Bartenders may not be the biggest earners, but mixologists would do well to sign a pre-nuptial agreement if they ever get married because their divorce rate is so high. A new graph shows how divorce rates differ among different jobs. Perhaps unsurprisingly, actuaries, who deal with risk assessment, have the lowest divorce rate. On the other end of the spectrum is bartenders and gaming managers, whose divorce rates are more than 15 per cent higher than the median divorce rate.
An 82-year-old woman was forced to skip her own husband's funeral this weekend, after she was viciously beaten by two robbers. The incident was detailed on Facebook by a granddaughter of the Central Heights, Arizona victim, a woman named Virginia. Granddaughter Deanna King-Poeling was one of the last people to see Virginia before the attack. She says she came over to her grandmother's house around 9:30pm, to help her look for her car keys.
Authorities say a homeless man was bitten several times by an alligator, while bathing in a retention pond in Port Charlotte, Florida. Fredric Iman, 68, said he checked the pond for alligators before taking a dip Monday morning around 10:20am. But the nine-foot alligator alluded him, then attacked once he was bathing. 'I turned around, and I know I punched it in the eye,' he told NBC 2. 'I tried to get it away, and it tried to pull me in.'
Muck Rack makes it simple to find people, tweets, or articles that mention any name, keyword, company, hashtag etc. We've compiled this guide to help you make the most of your search.
Selecting a term
Start searching tweets, articles from media outlets, articles mentioned in tweets, journalists'
names, titles and bios with some suggested searches:
Companies or Topics (e.g. iPhone, Microsoft)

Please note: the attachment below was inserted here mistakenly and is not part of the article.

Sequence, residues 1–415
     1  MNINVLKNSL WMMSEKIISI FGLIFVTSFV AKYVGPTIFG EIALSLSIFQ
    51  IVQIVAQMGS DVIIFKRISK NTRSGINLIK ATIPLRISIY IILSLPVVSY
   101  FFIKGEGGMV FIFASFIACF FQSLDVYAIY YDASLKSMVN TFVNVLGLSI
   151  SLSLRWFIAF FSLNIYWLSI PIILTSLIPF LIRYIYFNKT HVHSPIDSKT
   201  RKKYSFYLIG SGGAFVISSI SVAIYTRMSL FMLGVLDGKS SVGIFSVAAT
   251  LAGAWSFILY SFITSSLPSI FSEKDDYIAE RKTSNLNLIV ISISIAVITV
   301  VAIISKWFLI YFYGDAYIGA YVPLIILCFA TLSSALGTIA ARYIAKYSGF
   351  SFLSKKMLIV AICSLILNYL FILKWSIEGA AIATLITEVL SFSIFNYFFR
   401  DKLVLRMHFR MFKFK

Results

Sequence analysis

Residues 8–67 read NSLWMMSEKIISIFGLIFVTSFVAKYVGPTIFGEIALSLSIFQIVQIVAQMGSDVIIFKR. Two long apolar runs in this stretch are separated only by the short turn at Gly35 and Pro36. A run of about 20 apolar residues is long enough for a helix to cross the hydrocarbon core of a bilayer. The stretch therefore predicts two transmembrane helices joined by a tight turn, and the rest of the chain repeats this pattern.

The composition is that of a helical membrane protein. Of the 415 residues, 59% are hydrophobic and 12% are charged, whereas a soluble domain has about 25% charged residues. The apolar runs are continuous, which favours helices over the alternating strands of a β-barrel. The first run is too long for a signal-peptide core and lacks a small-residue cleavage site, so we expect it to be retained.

Phrases (e.g. "cloud computing") — use quotes to keep the terms together
Twitter handles (e.g. @username) — returns those who have mentioned or replied to
Names (e.g. "David Pogue")
Hashtags (e.g. #sxsw, #london2012)
Bio details (e.g. vegan, Olympics, father)
Muck Rack's Advanced Search allows for many boolean operators.
Find results that mention multiple specified terms, use AND or
+. For example, ensure each result contains both Elon Musk and Mark Zuckerberg by
searching Obama AND Romney or Obama + Romney.
Use the operators OR or , to broaden your search when you'd like either of
multiple terms to appear in results. (This is the default behavior of our search when no operators
are used.) For example, search for democrat OR republican to find results that refer to
Democrats and/or Republicans.
Use NOT or - to subtract results from your search. For
example, searching Disney will yield results about the Walt Disney Company as well as Walt Disney
World Resort. To exclude mentions of Disney World, search for Disney -World or Disney
When using one of these operators with a phrase, enclose it in quotation marks. For example, you can
find results about smartphones excluding Apple's iPhone 4S by searching smartphone -"iPhone
Exact case matching or punctuation
If you're searching for a brand name or keyword that relies on specific punctuation marks or capitalization, you can
find results that match your exact query by adding matchcase: before the keyword you're searching for, like matchcase:E*TRADE .
Use parentheses to separate multiple
boolean phrases. For example, to find journalists talking about having fun in Disney World or
Disneyland, search for ("disney world" OR disneyland) AND fun.
An asterisk can be used to search for any variation of a root word truncated by the asterisk. For example, searching for admin* will return results for administrator, administration, administer, administered, etc.
A near operator is an AND operator where you can control the distance between the words. You can vary the distance the near operation uses by adding a forward slash and number (between 0-99) such as strawberries NEAR/10 "whipped cream", which means the strawberries must exist within 10 words of "whipped cream".